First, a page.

Sample topic areas:

  • Perspectives on human-wildlife conflict near conservation areas including wildlife corridors
  • Mweka College of Wildlife student perspectives on the new presidency
  • An analysis of facial expressions in olive baboons by habitat and group behavior
  • GPS mapping of elephant corridors in the Tarangire-Manyara landscape
  • Impact of tourism on the natural environment or cultures
  • Management options in designated wildlife areas
  • Environmental education
  • Soil conservation and agricultural practices
  • Youths’ views on population and environment
  • Wildlife-livestock disease interaction in the Kwakuchinja corridor
  • Behavior of primates, e.g., Colobus guereza and olive baboons at various forest locations
  • Wood use in various types of protected areas, including village forests
  • Bio-indicator studies, e.g., birds and butterflies at various locations
  • Perspectives on population and the environment
  • Vegetation analysis and elephant damage at Ndarakwai Ranch

Note: Because of restrictions on fieldwork in Tanzania, you should expect to spend all or most of the Independent Study Project outside the boundaries of Tanzania’s national parks. In addition, students are not able to study any topic that relates to any activity that is illegal in Tanzania. This includes poaching.

Browse this program’s Independent Study Projects / undergraduate research.



You will spend three weeks living with a family in the peri-urban community of Ngaramtoni. This village, about 10 kilometers from Arusha town, is high on the slopes of Mt. Meru. Accommodations here vary, from wattle-and-daub homes to those with electricity. Families range from two-parent professional households (such as veterinarians, teachers, and doctors) to those headed by single-parent subsistence farmers.

Other Accommodations

Hostels, private homes, small hotels, and more than 25 nights of camping

Career Paths

Students on this program represent many different colleges, universities, and majors. Many have gone on to do work that connects back to their experience abroad with SIT. Alumni of this program are working with:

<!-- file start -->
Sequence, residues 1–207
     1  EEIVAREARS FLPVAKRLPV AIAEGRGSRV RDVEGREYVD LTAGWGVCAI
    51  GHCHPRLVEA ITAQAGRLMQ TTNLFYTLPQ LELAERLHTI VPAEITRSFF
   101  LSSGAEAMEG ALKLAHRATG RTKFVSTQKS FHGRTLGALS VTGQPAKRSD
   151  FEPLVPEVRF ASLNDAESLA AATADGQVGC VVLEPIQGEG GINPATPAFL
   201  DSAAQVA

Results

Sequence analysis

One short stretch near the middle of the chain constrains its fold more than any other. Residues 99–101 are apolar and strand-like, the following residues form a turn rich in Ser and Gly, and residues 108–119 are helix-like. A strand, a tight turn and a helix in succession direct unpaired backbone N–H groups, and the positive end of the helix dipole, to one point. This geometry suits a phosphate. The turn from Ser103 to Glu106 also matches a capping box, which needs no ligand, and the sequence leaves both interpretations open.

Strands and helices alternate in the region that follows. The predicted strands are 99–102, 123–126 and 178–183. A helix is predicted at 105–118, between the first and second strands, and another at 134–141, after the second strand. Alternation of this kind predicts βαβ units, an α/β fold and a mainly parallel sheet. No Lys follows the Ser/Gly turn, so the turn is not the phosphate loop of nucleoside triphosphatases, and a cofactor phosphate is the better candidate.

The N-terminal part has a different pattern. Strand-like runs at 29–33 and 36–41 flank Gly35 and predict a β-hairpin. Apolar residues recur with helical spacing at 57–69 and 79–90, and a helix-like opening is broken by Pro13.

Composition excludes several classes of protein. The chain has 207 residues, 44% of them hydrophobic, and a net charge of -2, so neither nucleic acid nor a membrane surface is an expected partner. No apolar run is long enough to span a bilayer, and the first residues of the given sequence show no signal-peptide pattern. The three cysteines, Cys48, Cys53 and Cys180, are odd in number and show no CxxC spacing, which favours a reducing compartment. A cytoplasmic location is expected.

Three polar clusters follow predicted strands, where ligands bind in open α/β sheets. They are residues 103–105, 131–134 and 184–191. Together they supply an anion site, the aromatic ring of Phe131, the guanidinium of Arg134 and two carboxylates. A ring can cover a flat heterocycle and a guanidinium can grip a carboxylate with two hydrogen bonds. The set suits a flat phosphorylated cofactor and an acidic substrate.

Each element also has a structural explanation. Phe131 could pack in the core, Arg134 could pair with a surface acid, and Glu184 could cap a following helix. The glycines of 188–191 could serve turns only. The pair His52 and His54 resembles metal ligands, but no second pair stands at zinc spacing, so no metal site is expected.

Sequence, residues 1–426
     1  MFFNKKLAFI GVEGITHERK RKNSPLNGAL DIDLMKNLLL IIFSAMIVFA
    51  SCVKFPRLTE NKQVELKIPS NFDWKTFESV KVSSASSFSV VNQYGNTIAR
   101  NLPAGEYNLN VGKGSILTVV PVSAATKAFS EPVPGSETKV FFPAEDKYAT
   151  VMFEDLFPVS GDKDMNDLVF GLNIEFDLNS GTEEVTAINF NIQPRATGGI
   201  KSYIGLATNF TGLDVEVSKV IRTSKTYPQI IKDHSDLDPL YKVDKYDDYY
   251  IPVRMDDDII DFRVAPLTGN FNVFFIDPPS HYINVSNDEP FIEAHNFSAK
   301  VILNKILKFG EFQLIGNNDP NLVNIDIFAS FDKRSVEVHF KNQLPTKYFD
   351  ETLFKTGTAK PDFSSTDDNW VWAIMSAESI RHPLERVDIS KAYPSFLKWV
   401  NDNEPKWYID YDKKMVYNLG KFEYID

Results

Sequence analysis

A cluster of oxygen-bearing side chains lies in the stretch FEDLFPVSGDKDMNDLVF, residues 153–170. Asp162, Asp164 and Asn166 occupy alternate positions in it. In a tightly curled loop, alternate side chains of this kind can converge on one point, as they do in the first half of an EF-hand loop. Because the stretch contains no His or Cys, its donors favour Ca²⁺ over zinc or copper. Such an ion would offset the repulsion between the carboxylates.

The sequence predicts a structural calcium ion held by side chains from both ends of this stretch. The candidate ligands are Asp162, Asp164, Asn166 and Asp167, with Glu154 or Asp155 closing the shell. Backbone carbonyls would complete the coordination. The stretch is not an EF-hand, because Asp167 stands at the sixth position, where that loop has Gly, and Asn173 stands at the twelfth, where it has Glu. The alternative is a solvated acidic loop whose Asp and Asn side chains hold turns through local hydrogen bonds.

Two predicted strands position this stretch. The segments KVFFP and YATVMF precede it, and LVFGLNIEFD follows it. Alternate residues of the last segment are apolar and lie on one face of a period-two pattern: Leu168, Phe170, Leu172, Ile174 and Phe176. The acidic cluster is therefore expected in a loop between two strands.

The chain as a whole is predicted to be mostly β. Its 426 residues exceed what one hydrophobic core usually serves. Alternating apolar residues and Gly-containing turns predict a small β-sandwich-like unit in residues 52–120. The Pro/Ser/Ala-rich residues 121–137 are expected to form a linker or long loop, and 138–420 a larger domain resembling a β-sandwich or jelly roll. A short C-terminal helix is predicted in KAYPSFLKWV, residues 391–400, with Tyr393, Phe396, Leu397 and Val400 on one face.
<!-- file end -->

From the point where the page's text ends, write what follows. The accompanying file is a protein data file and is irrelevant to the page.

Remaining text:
• Princeton in Africa in the Usambara Mountains

  • An environmental NGO in Zanzibar

  • Ethiopian National Parks Service at Simien National Park

  • School for Field Studies in Tanzania and Kenya

  • The Peace Corps in Gambia, Chad, and Kenya

Faculty & Staff

Tanzania: Wildlife Conservation & Political Ecology

Oliver Nyakunga, PhD
Academic Director
Beatrice Kimaro
Kiswahili Language Coordinator
Mercy Felix Kamnde (Mama Juni)
Office Manager
Oscar Paschal Nyakunga
Academic Coordinator
Kaiza Rutachwamangyo Kaganzi
Research Assistant
Francis Makari
Wildlife Expert
Mwima Arbogast Maugo
Wildlife and Cultural Expert

Discover the Possibilities

  • Cost & Scholarships

    SIT Study Abroad is committed to making international education accessible to all students. Scholarship awards generally range from $500 to $5,000 for semester programs and $500 to $3,000 for summer programs. This year, SIT will award more than $1.5 million in scholarships and grants to SIT Study Abroad students.

    See Full Breakdown
  • Facebook

    SIT Study Abroad Tanzania: Wildlife Conservation and Political Ecology

  • From an African Safari to an Area of Study

    Nathaniel Haviland-Markowitz, Cornell University, discovers an enriching life experience and a career path.

    Learn More
  • Gettysburg College student Venissa Ledesma says her Tanzania classroom was the national parks

    A Gettysburg College education is global and experiential. Venissa Ledesma ’19 explored elephant and lion behavior in the National Parks of Tanzania during a semester abroad with SIT Study Abroad.

  • My SIT Semester Abroad Changed My Life

    My PhD fieldwork was all about adapting to difficult situations and working with people to overcome challenges. Although it was nine years before I started doctoral work, my SIT semester was priceless.

    Learn More